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It’s Not What You Know, It’s What You Can Prove In Court

Small and family business employers may not be aware of stringent record-keeping obligations under the Fair Work Act 2009...

6 April, 2022
Legal, Article
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Small and family business employers may not be aware of stringent record-keeping obligations under the Fair Work Act 2009 (“The Act”) and the potentially serious ramifications for non-compliance.

The Act imposes obligations on employers to make and keep “employee records” for 7 years and to provide employees with pay slips. These records must include:

1.     information about the rate of pay,

2.     the hours actually worked by the employee,

3.     details of any loadings or allowances or penalty rates,

4.     overtime hours worked (including start and finish times),

5.     leave accruals, and

6.     superannuation.

This is not an exhaustive list but indicates the type of records and information that needs to be kept.

All employees have a right to request copies of these employee records, and an employer who receives a request has an obligation to provide the records. Failing to provide the records in a timely manner (or at all) is a contravention of the Act and can attract a financial penalty.

It is important to note that if an employee commences an underpayment claim and the employer has not kept the necessary records, then the employee’s assertions about the days and times they worked are presumed to be correct unless the employer can prove otherwise.

Section 557C of the Act places a difficult onus on the employer to overcome in this situation. Ordinarily an applicant or plaintiff would need to prove the key assertions in their case. This section reverses that onus onto employers, and in doing so highlights the importance of record-keeping.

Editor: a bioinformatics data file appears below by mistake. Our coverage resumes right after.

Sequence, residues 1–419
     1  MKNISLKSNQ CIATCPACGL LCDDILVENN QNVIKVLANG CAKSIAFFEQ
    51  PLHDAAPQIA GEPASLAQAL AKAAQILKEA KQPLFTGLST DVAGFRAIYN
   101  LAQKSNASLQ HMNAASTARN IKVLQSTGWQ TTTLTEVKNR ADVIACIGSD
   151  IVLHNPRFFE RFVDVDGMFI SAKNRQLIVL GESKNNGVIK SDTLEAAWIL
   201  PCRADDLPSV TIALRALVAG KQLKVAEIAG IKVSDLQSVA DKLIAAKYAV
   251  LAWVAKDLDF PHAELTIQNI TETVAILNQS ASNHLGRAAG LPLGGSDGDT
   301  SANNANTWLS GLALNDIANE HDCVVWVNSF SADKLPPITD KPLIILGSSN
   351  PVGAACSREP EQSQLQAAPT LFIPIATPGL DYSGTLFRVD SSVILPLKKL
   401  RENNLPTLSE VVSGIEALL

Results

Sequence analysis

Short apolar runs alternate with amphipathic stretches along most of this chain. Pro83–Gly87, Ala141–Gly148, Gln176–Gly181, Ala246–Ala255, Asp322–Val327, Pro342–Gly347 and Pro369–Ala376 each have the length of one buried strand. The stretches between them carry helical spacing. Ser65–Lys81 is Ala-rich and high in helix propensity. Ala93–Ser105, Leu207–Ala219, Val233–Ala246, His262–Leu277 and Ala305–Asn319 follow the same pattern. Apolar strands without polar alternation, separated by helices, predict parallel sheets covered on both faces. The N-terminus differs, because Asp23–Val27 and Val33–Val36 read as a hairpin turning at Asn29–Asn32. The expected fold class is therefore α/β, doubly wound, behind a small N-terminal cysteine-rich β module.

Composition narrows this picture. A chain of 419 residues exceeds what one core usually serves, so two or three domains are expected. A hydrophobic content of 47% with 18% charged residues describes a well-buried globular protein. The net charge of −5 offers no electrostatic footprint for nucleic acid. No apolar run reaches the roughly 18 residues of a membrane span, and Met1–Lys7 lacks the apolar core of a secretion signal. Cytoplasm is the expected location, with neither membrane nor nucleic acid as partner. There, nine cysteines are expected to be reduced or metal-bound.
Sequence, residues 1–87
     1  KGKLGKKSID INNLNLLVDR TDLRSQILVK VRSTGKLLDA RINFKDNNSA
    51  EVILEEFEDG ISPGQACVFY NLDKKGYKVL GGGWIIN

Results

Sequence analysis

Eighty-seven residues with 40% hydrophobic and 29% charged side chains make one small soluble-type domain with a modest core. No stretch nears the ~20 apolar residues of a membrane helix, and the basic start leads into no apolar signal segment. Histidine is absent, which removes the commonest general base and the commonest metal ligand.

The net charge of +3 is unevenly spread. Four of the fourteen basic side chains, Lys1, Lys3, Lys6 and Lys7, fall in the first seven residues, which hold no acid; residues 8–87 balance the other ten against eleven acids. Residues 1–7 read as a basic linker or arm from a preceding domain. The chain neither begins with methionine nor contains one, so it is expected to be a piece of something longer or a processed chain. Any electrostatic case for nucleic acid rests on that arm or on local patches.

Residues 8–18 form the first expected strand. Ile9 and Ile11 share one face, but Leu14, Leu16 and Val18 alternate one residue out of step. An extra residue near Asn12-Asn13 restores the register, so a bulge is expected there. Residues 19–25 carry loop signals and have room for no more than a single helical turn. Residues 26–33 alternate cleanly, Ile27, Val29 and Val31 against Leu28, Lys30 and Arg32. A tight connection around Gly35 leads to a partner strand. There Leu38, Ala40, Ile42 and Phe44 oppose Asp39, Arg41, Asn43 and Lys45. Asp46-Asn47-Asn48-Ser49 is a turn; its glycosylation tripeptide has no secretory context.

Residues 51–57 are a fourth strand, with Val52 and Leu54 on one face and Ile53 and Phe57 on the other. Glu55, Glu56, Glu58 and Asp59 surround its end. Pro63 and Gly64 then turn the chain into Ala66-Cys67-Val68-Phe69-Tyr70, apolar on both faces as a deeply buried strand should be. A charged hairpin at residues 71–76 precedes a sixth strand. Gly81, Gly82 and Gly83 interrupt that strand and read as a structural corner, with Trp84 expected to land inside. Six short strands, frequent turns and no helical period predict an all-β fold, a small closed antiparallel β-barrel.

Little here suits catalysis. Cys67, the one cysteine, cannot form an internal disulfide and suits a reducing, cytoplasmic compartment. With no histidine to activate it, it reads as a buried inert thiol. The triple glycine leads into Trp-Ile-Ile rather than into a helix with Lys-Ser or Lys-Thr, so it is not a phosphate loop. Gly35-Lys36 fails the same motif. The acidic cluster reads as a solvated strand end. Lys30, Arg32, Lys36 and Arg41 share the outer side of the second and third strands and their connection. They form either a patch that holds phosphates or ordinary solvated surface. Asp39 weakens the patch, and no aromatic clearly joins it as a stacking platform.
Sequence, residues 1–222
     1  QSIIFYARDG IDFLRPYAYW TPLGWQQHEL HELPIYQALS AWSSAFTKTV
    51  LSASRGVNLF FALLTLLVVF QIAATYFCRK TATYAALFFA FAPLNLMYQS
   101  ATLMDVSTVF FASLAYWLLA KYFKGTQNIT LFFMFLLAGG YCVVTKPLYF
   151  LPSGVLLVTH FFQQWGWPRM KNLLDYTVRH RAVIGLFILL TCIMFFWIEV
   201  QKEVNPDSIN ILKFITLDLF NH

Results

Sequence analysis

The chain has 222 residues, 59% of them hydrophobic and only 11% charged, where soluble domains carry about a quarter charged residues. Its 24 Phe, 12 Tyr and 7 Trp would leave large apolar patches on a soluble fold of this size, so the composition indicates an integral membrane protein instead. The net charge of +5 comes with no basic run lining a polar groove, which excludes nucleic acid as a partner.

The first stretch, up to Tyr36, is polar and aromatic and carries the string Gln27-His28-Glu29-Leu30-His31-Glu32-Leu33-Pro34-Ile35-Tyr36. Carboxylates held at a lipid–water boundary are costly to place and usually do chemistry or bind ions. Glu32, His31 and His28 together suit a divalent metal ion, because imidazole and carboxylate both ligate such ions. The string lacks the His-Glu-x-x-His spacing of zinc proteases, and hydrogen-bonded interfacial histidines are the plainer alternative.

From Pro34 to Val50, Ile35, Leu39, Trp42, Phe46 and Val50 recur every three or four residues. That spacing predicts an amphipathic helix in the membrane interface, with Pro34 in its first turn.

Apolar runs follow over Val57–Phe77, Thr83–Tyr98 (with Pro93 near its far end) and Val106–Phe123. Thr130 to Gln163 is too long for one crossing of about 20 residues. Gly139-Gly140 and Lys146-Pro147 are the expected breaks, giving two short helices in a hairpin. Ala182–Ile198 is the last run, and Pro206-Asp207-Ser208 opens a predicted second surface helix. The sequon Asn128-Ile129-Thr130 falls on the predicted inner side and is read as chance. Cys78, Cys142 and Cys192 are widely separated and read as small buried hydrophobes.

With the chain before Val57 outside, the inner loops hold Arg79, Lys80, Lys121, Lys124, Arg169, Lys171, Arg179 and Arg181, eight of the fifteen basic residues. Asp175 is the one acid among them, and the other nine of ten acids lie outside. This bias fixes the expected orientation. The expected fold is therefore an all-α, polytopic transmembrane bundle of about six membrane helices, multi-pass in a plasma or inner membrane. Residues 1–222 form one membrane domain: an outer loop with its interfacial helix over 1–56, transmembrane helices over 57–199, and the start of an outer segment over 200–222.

Several recent matters have highlighted the complexity for employers overcoming this onus. In Ghimire v Karriview Management Pty Ltd (No 2) [2019] FCA 1627, an employee claimed they had not been paid for some hours of work. The Federal Court had concerns about the employee’s credibility but was required to accept the employee’s assertion about the hours worked because the employer did not keep proper employee records so could not overcome the onus.

Similarly in Grewal v Alphabond Pty Ltd and Frank Taddeo [2020] SAET 21, the Tribunal had reservations about the employee’s assertions about the hours worked, but again the employer had failed to comply with their record-keeping obligation and could not overcome the onus.

In both instances, the employee received compensation on the basis of the hours they said they worked (even though there were reservations about whether those hours were in fact worked).

Record-keeping can be one of those areas that is overlooked by small and family business employers. An informal or casual approach to employee record-keeping can create difficulties in the event of an underpayment claim in the future, and businesses should review their approach.

An employer who does not keep full and proper employment records can expect a difficult task disproving an employee’s assertion about hours of work and defending an underpayment claim.

If you think your business needs some advice with managing employee records, employment contracts, policies and compliance obligations, please contact Peter Healey from Cowell Clarke’s Employment and Workplace Relations team on (08) 8228 1111 or email (